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I'm trying to design a simple first-run tutorial for a Windows Phone app. It will be linear and informative only (no user input required beyond navigation). I feel the following actions are necessary in one form or another:

  • move to previous screen
  • move to next screen
  • exit now

What is the most intuitive layout of these buttons that is consistent with the Windows Phone UI/UX?

enter image description here


Layout schemes I have tried:

  • "next" button on the left; "skip" button on the right; no "previous." This conforms to the Microsoft standard of thing we think you want to do is on the left, cancel action is on the right. However, I expect "back" and "forward" buttons to be aligned left and right, respectively. Also, the lack of a "previous" button feels a bit trapping.
  • "done" button on the left; swipe left and right between screens. Feels good though highly discouraged (the practical way to implement it, at least)
  • "done" button on the left; "next" button on the right; no "previous." Again, this forward-only progression feels trapping. ("Honestly, I already forgot what I read two pages ago.")
  • "previous" button on the left; "next" button on the right; "skip" link-button somewhere up top. This feels like the closest to a glanceable, predictable layout. But I feel like skip link-button is both non-standard in WP-land, and -- more importantly -- will get lost amongst the visual clutter of fuller pages.

Finally, this is a personal project with no hard requirements. I'm just seeking an intuitive, native look and feel.

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2 Answers 2

up vote 2 down vote accepted

As a WP8 user, I feel this is not consistent with tutorials that I have seen before (namely Nokia apps).

Why don't you show this welcome screen with an arrow to the right in the center and the user would swipe through the screens (especially that it's linear).

enter image description here

The user would swipe through the different screens and when (s)he reaches the final one it'll have the done button. On the second screen and after, there'd also be the opposite button to swipe to the previous page.

I'm also inclined to say that most of the tutorials that I saw like this by Nokia were done in landscape mode, but I'm not sure of this last point.

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While this is the most difficult to implement (without abusing a Pivot view), I feel it's the cleanest and most consistent with WP. –  zourtney Feb 21 at 15:15

What you have now looks pretty native to me, though the 'skip' is far too hard to notice (and tap!) at the moment. You're also right that a link-button is very non-standard in WP-land; in first-party apps you only see it in obscure places like 'read more' links in Settings when there is a lot of text that needs to be hidden. What's stopping you from using a regular button?

enter image description here

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I like how you right-aligned the skip button. That "feels like" desktop Windows' close button paradigm. I did something similar by right-aligning the link-button and coloring it with PhoneAccentBrush. I need to test it on a real device to see how it feels in hand. It may indeed be too small, but on screen at least, it satisfies the "obvious but not loud" idea I was going for. –  zourtney Feb 17 at 23:20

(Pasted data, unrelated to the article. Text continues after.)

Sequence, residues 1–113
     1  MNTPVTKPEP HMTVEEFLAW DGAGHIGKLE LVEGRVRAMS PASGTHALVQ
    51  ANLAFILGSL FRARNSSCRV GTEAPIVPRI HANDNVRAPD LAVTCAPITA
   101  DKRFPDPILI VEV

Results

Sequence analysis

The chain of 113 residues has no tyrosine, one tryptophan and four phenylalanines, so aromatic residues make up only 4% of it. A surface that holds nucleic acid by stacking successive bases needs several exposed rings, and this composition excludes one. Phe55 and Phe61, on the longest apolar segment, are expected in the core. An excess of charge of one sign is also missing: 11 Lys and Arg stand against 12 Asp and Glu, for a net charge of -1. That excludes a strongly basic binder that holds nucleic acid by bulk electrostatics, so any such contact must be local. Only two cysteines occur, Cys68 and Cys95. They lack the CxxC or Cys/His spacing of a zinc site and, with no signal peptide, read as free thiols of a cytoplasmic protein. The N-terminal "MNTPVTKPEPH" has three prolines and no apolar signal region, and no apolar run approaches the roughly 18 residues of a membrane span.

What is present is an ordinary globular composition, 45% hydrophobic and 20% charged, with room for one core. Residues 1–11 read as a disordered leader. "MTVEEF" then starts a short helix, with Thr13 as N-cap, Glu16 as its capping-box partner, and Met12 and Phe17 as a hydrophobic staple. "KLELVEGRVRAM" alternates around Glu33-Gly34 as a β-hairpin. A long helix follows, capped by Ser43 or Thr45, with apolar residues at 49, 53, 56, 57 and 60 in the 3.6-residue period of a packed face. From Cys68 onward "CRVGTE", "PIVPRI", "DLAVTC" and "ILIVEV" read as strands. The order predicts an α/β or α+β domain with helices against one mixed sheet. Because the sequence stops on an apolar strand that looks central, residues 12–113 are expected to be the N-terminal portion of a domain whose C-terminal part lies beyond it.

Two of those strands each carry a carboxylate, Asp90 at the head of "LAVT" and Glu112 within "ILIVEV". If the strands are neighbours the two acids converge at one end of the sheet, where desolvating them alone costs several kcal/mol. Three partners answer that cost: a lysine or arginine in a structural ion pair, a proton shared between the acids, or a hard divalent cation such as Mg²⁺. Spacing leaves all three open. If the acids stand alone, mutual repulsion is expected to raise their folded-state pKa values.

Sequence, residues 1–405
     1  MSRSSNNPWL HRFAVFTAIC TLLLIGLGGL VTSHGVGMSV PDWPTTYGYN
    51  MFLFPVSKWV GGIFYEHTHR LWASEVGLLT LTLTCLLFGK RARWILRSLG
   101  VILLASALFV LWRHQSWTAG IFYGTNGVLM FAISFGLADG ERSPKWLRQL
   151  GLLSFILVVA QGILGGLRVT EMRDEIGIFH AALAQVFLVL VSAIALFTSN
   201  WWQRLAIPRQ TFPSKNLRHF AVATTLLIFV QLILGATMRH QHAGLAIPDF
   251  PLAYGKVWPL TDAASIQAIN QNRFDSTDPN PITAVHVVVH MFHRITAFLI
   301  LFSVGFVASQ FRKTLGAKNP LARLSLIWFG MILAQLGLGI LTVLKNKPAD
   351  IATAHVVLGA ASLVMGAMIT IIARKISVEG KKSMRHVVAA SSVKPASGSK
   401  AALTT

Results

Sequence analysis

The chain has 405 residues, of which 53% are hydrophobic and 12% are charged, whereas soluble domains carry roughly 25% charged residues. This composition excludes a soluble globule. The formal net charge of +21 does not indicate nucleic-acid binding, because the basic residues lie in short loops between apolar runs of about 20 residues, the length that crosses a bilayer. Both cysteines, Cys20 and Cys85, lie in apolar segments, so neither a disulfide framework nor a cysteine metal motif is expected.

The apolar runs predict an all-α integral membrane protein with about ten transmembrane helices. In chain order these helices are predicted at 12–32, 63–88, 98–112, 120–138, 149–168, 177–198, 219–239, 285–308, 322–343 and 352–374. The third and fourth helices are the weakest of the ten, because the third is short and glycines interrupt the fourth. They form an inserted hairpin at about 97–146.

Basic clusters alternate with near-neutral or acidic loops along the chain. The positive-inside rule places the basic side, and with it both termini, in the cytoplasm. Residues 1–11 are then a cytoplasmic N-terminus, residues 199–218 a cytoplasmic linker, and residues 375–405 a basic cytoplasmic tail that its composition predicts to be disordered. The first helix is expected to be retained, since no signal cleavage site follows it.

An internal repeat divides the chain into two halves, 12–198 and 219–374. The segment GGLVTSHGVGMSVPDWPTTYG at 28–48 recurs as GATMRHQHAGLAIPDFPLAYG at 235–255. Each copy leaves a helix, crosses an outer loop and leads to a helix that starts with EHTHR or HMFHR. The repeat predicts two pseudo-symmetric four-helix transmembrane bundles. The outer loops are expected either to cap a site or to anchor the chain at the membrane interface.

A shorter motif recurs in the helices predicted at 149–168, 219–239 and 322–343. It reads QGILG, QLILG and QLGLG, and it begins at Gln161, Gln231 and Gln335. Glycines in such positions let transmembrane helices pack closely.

(...continued) My hesitation with making skip a standard button is what I'll call "three's a crowd" mentality. Maybe it's a personal flaw, but when I glance and see two buttons, I figure "Ok, yes/no or whatnot." When I see three buttons, the distinction is muddied. Now I have to read. Ironically(?), I find that having the skip button so far away actually exacerbates the problem, splitting my focus both high and low. (And now I've fulfilled today's quota of overthinking) :-P –  zourtney Feb 17 at 23:21
    
@zourtney I see where you're coming from. I think the link/button choice would also depend heavily on the content that you're intending to display - busy photographs? definitely not a link. Another alternative I considered (I don't know enough about your app, though) was a splash screen of sorts - allowing you to skip or begin the tutorial; only if you begin do you actually get to the screens with prev/next buttons. –  Jessica Yang Feb 19 at 18:28
    
I dislike the explicit "previous" button. For that we do have the back button which, when pressed, should do the same thing. And you should not repeat yourself. –  Toni Petrina Feb 20 at 7:56
    
@ToniPetrina, I mostly agree. However, there's ambiguity as to what happens when you press the back button. It might: a) go to the previous tutorial page, b) cancel the tutorial c) or exit the app. Currently it's implemented as a single page, so it'll current do b) or c) depending on where you navigate from. –  zourtney Feb 21 at 15:12

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